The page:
In a recent interview, Mitchell said, "I didn't know - and don't know to this day - what key I'm playing in or the name of my chords. I don't know the numbers, letters, or staff. I approach it paintingly, metaphorically. I rely on the players themselves to sketch out a chart of the changes."

The word "paintingly" is the key to her thought. Mitchell considers herself a painter first and a musician second (and, of course, she's a poet who paints with words). When she's working up some new music with jazz players, she says that she has to use metaphors to create the right sound: "Play me some semi-trucks going by' you know, 'Here we have the waves coming in the keyboards should break like a wave."'

Joni's art work and design have adorned virtually all her albums. "Mingus" contains four oil reproductions, one abstract and three portraits of Mingus, including a powerful vision of Mingus' troubled yet angelic personality, "Chair in the Sky."

Last summer, Mitchell performed the "Mingus" material for the first time, accompanied only by Herbie Hancock, the influential pianist who came to prominence in the pacesetting Miles Davis quintet of '60s. Two of the Davis albums Hancock participated in, "Nefertiti" and "In a Silent Way," she said, became Joni's "all-time favorite records in just any field of music. They were my private music for many years now. I never thought of making that kind of music. I only thought of it as something sacred and unattainable. So this year has been very exciting to play with the players that I have."

The band Mitchell brought with her to San Francisco was exceptional by nearly any measure. Jaco Pastorius, the amazingly nimble bassist with Weather Report, served as unofficial musical director. Don Alias, Joni's companion for the past year or two, played traps and congas with fiery expertise. Guitarist Pat Metheny and pianist Lyle Mays (who normally form half of Metheny's quartet) fleshed out the music with unusually lyrical sensitivity and saxophonist Michael Brecker added a soulful yet precise edge to the sound.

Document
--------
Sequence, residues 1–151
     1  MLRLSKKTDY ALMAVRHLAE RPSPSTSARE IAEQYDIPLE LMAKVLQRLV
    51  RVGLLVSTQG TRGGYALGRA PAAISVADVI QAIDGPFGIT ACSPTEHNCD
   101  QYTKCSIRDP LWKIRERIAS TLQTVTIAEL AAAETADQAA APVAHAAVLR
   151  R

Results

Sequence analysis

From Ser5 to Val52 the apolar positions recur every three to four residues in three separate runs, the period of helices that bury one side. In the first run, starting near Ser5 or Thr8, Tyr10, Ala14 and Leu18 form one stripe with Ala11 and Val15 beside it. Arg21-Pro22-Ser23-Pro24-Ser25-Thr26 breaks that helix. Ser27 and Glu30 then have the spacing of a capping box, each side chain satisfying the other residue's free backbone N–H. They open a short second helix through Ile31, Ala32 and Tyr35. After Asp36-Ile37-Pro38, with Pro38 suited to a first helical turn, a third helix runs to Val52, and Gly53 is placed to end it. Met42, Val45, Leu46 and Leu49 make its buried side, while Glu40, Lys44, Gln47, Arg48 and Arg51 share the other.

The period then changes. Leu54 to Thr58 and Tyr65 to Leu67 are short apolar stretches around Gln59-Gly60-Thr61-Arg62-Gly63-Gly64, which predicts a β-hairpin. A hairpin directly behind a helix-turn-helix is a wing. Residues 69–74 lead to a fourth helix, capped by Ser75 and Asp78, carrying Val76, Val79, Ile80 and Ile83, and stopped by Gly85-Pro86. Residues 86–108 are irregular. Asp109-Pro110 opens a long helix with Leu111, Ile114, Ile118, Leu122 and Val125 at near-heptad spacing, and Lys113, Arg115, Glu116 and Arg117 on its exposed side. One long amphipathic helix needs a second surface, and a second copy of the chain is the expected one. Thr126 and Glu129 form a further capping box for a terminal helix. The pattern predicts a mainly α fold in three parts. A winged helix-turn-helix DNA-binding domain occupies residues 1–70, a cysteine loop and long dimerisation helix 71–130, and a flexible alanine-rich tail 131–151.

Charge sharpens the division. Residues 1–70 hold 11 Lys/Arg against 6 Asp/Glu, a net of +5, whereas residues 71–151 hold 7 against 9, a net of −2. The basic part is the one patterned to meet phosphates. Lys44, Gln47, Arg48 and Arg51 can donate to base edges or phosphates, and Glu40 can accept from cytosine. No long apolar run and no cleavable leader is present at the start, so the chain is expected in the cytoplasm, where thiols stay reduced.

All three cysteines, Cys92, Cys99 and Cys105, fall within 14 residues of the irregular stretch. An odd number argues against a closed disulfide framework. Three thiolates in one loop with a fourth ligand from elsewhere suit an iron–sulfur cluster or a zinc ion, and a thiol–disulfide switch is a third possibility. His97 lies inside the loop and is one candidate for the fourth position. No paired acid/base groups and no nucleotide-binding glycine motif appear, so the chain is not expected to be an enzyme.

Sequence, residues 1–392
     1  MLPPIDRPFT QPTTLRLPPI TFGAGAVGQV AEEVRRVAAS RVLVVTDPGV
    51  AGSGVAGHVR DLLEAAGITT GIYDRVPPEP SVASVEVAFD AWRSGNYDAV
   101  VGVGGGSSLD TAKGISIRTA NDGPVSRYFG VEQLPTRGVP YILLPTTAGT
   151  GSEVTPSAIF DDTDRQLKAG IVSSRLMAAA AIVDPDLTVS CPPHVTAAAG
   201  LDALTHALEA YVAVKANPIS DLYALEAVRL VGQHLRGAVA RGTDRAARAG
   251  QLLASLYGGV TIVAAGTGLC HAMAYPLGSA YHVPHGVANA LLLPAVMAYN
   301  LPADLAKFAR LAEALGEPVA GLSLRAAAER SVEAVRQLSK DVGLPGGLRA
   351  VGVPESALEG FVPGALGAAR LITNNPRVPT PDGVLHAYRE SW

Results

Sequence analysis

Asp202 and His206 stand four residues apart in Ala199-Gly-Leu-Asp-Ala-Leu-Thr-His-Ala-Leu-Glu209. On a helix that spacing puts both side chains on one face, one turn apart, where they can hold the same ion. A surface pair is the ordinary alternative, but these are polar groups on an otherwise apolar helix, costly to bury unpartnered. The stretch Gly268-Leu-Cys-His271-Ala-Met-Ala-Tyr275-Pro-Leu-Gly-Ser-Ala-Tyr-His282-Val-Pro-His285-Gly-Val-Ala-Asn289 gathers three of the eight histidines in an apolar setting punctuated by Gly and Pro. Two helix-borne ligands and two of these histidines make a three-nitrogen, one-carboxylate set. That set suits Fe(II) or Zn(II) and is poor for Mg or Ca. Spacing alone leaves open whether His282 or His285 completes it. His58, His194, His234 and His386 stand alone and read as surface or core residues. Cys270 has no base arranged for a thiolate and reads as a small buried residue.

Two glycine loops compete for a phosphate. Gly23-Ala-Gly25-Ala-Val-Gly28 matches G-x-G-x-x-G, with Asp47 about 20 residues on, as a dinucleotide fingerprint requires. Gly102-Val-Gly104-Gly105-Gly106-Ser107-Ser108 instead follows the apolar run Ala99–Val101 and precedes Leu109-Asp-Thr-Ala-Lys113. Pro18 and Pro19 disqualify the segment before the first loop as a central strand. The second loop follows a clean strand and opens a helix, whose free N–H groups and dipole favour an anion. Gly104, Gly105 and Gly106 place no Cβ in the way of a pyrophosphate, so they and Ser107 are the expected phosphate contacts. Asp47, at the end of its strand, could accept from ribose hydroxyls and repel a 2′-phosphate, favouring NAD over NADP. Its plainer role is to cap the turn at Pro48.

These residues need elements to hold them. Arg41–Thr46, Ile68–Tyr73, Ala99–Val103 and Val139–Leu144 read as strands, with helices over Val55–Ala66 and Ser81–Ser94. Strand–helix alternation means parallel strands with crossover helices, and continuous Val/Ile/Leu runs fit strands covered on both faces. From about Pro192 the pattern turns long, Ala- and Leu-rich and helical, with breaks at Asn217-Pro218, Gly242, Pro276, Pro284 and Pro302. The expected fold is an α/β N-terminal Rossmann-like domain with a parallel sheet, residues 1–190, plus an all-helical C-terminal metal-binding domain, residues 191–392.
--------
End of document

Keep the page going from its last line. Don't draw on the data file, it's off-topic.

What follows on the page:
All of these musicians are equally at home playing jazz or rock & roll (not a watered-down amalgam) and Mitchell seemed to delight in moving from one idiom to the other with barely a moment's pause. Between songs, she exchanged guitars with an assistant - Joni has brought eight custom Ibanez George Benson models and has tuned each in a different and unconventional mode.

She sang songs from several of her records. One of the Mingus pieces was really a non-jazz, non-rock, but totally original and joyous reflection on Mingus' not-always joyous autobiography. "Beneath the Underdog." The song was " God Must Be a Boogie Man." and Mitchell had no trouble in getting the audience to sing the refrain.

The largest number of songs from one album, five, were taken from the intimate and haunting "Hejira" which may be Mitchell's masterpiece to date. These pieces - "Coyote," "Black Crow," "Furry Sings the Blues," "Hejira" and "Amelia" - along with the others from the same record. "A Strange Boy," "Blue Motel Room" and "Refugee in the Roads" add up to a miniature, novelistic self-portrait of someone on an endless, restless, bitter sweet search for understanding and fulfillment.

When Mitchell headlined the Berkeley Jazz Festival last May, she sang for barely thirty minutes. It was wonderful and tantalizing, but much too brief. Last weekend, in her charismatic yet modest fashion, she remained on stage, both nights, for more than an hour and a half and gave of herself in full measure. It was enough, and more.